Monday, September 19, 2011

When Something Goes Wrong

Recently, I was taking a final pass through one of my short stories before sending it to a crit partner. As I was reading it, I was struck with a sickening feeling. There was a huge -- no, an enormous -- plot hole in the story. One that dealt with the central problem of the story and basically would have left the reader saying to themselves "Uh, hey, why are they going about it this way instead of just fixing the problem the easy way."

This, I must say, is not a happy feeling. For several moments, I was convinced that there was no way to salvage the story, and I was feeling rather stunned. In fact, I was pretty close to completely setting the story aside, putting it into the "nice idea" pile, and finding something else to send to my crit partner for his review. Fortunately, I got past that initial panic reaction and thought some more. Maybe there was a way to recover the story?

I went back and re-read some of the materials I used for research on the story. I found something which had seemed irrelevant upon first reading but turned out to be exactly what I needed to justify the situation my characters found themselves in. I made some changes and sent it off.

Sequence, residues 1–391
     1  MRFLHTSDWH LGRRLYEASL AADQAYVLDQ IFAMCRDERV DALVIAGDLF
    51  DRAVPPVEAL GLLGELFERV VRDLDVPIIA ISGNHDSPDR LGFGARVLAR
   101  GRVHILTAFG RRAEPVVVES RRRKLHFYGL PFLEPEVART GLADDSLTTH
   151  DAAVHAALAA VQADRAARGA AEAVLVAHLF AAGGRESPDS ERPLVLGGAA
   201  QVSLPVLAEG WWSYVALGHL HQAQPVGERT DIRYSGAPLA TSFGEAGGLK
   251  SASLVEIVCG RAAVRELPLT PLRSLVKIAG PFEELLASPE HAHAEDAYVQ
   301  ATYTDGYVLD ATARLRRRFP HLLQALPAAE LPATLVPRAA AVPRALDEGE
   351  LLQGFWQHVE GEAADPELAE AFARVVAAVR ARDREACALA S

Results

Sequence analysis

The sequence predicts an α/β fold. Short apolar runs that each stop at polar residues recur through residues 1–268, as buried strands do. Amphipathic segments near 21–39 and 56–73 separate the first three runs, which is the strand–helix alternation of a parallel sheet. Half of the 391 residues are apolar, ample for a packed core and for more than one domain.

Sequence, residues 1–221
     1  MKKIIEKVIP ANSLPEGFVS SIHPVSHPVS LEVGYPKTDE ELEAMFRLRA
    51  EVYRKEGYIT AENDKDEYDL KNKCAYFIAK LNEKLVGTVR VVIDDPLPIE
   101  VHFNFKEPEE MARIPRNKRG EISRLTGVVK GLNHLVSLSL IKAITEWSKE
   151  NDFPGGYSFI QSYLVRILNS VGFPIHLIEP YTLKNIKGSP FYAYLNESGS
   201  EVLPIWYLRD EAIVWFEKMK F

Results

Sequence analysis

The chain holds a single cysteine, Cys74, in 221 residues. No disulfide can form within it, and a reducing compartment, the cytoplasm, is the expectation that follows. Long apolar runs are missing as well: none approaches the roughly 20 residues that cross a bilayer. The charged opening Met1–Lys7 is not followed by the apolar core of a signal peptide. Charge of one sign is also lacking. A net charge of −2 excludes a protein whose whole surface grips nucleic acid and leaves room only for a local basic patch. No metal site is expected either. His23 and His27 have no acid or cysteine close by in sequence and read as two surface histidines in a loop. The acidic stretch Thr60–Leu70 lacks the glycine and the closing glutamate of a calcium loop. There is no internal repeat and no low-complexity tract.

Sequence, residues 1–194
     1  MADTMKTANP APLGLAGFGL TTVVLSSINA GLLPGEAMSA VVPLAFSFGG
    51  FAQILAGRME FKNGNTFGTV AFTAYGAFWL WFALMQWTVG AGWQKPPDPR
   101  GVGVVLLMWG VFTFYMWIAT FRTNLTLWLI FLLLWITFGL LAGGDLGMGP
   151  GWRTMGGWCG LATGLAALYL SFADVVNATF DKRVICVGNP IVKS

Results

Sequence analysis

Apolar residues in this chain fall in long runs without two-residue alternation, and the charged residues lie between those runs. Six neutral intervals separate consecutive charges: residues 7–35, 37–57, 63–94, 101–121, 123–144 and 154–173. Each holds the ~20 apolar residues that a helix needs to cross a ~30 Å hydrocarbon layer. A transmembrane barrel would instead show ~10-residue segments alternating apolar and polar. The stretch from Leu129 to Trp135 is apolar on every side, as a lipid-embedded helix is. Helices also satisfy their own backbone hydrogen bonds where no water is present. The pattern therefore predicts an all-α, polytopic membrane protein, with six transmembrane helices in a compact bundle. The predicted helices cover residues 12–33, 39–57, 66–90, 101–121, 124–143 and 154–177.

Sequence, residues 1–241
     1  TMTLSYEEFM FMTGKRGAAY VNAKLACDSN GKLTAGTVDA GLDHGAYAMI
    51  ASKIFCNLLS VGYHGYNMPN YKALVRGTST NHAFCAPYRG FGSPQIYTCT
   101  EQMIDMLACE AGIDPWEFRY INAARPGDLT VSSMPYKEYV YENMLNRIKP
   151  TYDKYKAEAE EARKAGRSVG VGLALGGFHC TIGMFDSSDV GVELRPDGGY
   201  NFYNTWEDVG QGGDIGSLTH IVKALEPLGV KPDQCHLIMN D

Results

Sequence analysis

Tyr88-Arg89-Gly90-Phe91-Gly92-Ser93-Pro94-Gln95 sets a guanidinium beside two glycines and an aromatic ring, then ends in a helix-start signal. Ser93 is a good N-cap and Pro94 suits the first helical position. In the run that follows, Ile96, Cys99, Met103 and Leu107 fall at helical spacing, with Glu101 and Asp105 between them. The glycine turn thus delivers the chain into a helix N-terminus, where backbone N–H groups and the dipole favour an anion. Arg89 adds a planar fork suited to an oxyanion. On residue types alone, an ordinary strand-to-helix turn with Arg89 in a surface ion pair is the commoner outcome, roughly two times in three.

My crit partner read the story and didn't have any concerns with the logic of the situation. He did, however, call out the section where I'd "patched" my story as being one that seemed sort of infodumpy. Looking at it again, I saw that he was absolutely right. This isn't completely surprising, as I was probably not in the best writing frame of mind when I made those changes and I was thrilled just to be justifying things. I ended up taking out almost the whole section I'd added in immediately after my revelation and putting relevant pieces back in here and there throughout the story.

So, what's the take-away here? Three big points stick out in my mind:

1) Don't Delete! I wasn't really at risk of deleting this story per se -- I have multiple backups and I tend to be a file pack-rat. However, I was so disgusted I could easily have chucked the story aside and never gone back to it. Since it seems like I've repaired it, that would have been a big mistake! Admittedly, there may be a time when you find that a story has such a major problem that it truly isn't reworkable. I wouldn't want to make that decision before giving it an additional reading after several days' time to get over the initial frustration. Even then, I still would suggest keeping a copy of the file around. There still could be something you might re-use, or you could even come up with a fix to the story months later.

2) When you realize something has gone wrong, go back and revisit your assumptions and your research. Maybe you can find something that you can tweak which fixes the damage you found. In my case, I used a technical fact about an outer-space body to bolster my story's logic. But there are plenty of other ways that you might reconsider aspects of your story. Even characterization could be a way of helping fix a story that had gone wrong. If a character had a particular trait that could be written naturally into the story and could help explain a particular behavior, that might help your story make more sense.